Chisel question ?

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Forum topic by 1yeldud1 posted 05-28-2013 05:26 PM 1357 views 0 times favorited 7 replies Add to Favorites Watch
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301 posts in 3038 days

05-28-2013 05:26 PM

Ok – I am very new at actually using a wood chisel as a finish tool. I have had a few nice furniture projects the past weeks using Oak as a designated wood. I had to “chop” some areas square and had to do tenons and the mating holes for them. I have a “cheap” wooden handled set of chisels that I have sharpened to a very sharp edge. I have used a 3/4” inch diameter piece of round brass as a hammer to complete this project. My chisels especially the large one have very ugly wooden handles after these projects. I am in the market to upgrade to a better set of chisels – BUT – I am hesitant to spend several hundred dollars if the wooden handles wont hold up. Can someone please give me some insite on what works and what doesnt when using chisels as a finish tool. I have thought about the wooden mallets and the round brass mallets both – but when working with a tough piece of wood such as oak im not shure a wooden mallet would do the trick. PLEASE help this old man out – THANKS !

7 replies so far

View PurpLev's profile


8535 posts in 3645 days

#1 posted 05-28-2013 05:35 PM

a sharp chisel of good quality shouldn’t require harsh hammering to cut with – but just medium to light taps. if you find that you have to hit hard on the chisel – you may want to address that edge.

Also, for a mallet – you want a large head that will transfer the energy to the chisels properly. a 3/4” piece of brass is too narrow, and too hard and not only will it not have enough momentum energy to transfer, it will also transfer whatever it has in a very focused area on the chisel body causing more damage to the chisels instead of transfering that energy throughout the chisel to the cutting edge.

get a good large wooden mallet. resharpen your chisels and see how that works. you can always remake the wooden handles for your current chisels and save $$$ if the blades are good.

-- ㊍ When in doubt - There is no doubt - Go the safer route.

View JustJoe's profile


1554 posts in 2034 days

#2 posted 05-28-2013 05:36 PM

There’s another tool-nut I know of whose mantra is “wood on wood, leather on leather, metal on metal.” So if you have a wooden handle, whop it with a wooden mallet. If it’s got a leather washer up top, you can use a heavy leather mallet. If you want to hit it with a brass hammer then you need to find a chisel with a metal ferrule up top.

My own experience is that if the handles are made of the same material, socket chisels hold up to pounding better than tanged, and a good wooden mallet on a sharp chisel can do the job.

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View Kreegan's profile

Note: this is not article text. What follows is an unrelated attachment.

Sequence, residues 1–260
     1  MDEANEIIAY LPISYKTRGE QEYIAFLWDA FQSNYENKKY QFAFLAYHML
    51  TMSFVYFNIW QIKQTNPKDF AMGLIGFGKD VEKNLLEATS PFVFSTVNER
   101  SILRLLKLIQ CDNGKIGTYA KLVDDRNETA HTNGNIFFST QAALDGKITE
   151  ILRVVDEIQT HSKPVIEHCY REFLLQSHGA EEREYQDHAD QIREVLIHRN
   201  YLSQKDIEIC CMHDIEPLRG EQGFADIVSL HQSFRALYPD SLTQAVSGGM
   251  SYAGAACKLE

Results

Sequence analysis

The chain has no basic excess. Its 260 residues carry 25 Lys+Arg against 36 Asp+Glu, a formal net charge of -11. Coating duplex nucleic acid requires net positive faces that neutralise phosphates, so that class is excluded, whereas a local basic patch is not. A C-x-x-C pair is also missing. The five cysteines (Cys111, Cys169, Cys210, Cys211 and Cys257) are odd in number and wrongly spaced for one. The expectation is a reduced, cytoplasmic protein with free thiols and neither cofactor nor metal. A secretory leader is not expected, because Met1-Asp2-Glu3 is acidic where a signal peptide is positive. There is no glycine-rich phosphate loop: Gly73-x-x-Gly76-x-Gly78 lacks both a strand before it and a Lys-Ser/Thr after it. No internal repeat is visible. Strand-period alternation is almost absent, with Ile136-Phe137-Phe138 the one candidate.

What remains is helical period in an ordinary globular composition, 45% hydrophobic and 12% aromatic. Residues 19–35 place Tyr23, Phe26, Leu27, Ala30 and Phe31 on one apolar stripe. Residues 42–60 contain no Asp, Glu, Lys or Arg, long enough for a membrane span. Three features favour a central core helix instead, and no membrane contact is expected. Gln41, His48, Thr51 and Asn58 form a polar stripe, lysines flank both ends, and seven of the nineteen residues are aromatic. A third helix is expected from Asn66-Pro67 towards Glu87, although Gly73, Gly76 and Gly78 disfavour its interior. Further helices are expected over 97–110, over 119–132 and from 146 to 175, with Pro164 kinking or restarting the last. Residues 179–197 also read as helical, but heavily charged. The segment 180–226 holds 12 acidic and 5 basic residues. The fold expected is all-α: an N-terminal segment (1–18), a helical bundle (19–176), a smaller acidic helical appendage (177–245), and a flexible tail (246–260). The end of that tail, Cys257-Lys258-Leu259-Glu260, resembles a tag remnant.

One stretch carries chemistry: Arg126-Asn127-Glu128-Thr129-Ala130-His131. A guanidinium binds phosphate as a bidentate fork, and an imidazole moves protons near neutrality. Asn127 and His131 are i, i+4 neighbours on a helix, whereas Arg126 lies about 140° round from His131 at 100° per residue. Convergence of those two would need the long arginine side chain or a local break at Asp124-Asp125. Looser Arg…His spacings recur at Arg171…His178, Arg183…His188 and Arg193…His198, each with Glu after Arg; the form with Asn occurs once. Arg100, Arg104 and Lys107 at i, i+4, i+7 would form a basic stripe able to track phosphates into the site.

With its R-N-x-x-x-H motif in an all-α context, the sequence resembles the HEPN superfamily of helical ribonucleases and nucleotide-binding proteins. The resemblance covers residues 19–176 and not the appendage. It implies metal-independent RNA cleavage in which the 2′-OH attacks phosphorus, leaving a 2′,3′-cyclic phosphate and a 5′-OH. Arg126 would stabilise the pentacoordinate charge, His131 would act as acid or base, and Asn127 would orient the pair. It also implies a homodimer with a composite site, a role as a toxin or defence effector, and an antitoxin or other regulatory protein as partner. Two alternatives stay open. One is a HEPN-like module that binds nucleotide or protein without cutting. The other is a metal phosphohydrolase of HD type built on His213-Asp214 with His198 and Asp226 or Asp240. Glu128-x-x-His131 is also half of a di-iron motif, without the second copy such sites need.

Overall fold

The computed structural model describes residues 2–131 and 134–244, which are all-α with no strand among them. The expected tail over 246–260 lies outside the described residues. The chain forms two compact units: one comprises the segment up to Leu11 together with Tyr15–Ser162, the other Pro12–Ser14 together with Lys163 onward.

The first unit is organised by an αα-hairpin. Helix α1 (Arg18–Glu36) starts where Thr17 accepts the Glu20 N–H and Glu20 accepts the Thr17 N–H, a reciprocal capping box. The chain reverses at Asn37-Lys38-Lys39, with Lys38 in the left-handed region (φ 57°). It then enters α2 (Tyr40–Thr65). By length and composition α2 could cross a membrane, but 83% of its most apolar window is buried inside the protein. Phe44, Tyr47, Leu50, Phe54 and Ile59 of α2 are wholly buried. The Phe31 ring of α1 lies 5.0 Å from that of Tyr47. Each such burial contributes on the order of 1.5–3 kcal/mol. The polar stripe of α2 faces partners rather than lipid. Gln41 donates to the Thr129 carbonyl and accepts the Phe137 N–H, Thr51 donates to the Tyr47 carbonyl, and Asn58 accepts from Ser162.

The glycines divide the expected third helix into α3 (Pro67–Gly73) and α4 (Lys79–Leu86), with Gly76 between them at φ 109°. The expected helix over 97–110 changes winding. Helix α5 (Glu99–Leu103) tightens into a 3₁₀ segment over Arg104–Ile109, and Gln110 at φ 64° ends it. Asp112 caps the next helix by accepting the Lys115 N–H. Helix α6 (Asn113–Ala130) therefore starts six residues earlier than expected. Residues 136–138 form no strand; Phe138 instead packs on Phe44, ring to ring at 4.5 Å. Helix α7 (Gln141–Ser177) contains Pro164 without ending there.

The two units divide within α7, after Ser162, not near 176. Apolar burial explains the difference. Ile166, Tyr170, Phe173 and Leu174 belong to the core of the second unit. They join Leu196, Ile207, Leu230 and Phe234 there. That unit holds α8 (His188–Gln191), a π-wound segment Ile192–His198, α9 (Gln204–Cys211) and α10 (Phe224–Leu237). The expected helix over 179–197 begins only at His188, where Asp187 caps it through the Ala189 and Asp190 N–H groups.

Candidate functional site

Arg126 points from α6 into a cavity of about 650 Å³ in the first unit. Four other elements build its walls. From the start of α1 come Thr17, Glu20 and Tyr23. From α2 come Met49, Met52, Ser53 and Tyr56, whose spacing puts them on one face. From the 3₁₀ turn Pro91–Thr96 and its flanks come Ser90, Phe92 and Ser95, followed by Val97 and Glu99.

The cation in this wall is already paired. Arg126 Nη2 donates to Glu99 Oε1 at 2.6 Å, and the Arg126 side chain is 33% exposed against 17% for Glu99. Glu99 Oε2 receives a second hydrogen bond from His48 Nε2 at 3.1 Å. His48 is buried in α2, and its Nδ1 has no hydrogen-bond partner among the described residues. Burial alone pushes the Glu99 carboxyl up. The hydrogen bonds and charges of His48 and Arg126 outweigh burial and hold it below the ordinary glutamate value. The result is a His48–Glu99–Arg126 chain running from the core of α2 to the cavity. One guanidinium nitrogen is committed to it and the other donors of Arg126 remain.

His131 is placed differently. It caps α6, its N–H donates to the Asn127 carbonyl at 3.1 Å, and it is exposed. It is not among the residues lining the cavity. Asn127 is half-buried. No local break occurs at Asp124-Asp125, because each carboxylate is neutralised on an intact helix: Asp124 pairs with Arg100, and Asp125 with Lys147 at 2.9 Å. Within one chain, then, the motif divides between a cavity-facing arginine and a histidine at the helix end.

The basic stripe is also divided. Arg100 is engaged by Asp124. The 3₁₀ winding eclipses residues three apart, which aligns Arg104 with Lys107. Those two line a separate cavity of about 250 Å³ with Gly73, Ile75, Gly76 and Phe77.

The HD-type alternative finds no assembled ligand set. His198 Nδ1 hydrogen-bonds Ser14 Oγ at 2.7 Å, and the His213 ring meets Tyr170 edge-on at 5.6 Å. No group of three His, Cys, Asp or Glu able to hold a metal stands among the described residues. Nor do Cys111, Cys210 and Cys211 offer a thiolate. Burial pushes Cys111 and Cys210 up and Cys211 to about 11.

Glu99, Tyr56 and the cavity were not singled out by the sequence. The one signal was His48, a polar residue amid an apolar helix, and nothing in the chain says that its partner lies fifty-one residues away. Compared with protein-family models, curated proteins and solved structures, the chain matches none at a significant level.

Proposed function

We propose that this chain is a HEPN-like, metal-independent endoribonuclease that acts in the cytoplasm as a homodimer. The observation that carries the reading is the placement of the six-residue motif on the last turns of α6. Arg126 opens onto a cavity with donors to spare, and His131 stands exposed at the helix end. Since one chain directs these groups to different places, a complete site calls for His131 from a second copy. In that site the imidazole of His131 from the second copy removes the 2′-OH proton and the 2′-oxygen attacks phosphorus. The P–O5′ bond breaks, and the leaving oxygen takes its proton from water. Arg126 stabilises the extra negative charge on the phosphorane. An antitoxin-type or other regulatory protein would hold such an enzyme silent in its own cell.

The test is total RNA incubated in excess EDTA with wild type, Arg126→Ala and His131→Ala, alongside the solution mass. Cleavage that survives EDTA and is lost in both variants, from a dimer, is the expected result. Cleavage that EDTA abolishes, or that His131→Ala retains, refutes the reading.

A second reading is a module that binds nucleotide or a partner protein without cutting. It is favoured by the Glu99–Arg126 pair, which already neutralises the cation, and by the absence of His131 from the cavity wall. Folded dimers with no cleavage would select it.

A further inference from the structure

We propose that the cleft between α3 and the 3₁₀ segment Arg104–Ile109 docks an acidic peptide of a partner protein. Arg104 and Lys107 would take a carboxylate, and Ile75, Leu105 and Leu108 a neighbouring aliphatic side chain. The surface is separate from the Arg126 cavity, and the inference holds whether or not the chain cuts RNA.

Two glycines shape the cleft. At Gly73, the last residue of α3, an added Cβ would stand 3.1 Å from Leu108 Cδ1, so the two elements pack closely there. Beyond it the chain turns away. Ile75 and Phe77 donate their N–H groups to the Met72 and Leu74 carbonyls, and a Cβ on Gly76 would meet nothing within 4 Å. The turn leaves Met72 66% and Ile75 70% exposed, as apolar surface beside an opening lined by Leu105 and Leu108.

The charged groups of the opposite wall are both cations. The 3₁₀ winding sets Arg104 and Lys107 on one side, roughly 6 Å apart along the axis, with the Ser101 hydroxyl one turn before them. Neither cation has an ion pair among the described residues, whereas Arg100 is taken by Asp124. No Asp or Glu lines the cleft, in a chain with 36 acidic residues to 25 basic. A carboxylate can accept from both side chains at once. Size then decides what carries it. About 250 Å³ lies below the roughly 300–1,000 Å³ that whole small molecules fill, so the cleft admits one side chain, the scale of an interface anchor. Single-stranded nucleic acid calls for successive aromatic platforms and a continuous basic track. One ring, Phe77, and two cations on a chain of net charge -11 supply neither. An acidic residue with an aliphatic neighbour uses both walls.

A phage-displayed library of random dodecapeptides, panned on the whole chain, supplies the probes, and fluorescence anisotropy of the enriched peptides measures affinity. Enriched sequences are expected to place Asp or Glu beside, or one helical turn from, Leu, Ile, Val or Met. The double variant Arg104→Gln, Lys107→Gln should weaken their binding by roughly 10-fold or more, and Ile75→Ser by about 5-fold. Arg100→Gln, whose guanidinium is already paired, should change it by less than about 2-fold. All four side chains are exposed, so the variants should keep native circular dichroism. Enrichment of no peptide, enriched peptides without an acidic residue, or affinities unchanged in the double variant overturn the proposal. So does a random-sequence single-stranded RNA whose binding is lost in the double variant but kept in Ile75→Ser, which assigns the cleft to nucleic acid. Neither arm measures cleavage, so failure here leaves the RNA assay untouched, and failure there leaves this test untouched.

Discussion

1452 posts in 2143 days

#3 posted 05-28-2013 06:06 PM

I spent a good deal of time this past weekend chiseling out mortises in white oak using my Narex bench chisels, which have a beech handle. I used both a wooden mallet made of hard maple and a mallet with a rubber head.

View waho6o9's profile


8189 posts in 2573 days

#4 posted 05-28-2013 06:27 PM

Enjoy some fine reading my friend.

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404 - Not Found

2544 posts in 2965 days

#5 posted 05-28-2013 10:13 PM

Are you cutting these mortises solely with chisels or taking the waste out with a forstner bit first? Shouldn’t need to beat the crap out of them if you are only cleaning up. I agree with PurpLev, put your brass away and get a mallet.

View 1yeldud1's profile


301 posts in 3038 days

#6 posted 05-29-2013 12:31 AM

Thanks for the help – the chisels that I was using look almost like the narex that Kreegan listed on his answer. I did rough in the holes that I was chiseling on my guess is that I was taking too big of a cut trying to get done too fast. I sharpened the chisel between each hole that I did using a 25 degree angle for my 1 inch chisel. I did have to cut across the grain and I found it to be the toughest that I encountered. LOL my previous experience with a chisel was to grab a medium ball peen hammer and get the “meat” out of the way mostly on home construction/destruction jobs. Looks like I do need to invest in a wooden mallet or possibly a small leather faced (rawhide) hammer. Any suggestions as to what chisels that I should look at – I can find them any where from a few dollars apiece to mega buck for a really nice set. I have always been one to spend a little extra NOW and not regret my decision 6 months down the road – But I really dont want to just waste money – does this make sense ?

View Tim's profile


3805 posts in 1958 days

#7 posted 05-29-2013 01:04 AM

The chisels thread waho linked to is really going to have your answers from many people more experienced than I. I just finished reading Paul Sellers blog on a chisel hammer. He recommends an inexpensive nylon faced hammer with brass on the head for weight.

As to good chisels there are lots, to the point of it practically being religion. I just read lots of good things this morning about the Lie Nielsen chisels but they’re pricey. The gist of the recommendation was to get a couple to start with then fill out your set as you need and can afford them.

I’m cheap so I got a small set of the Narex chisels that kept getting mentioned as a good value.

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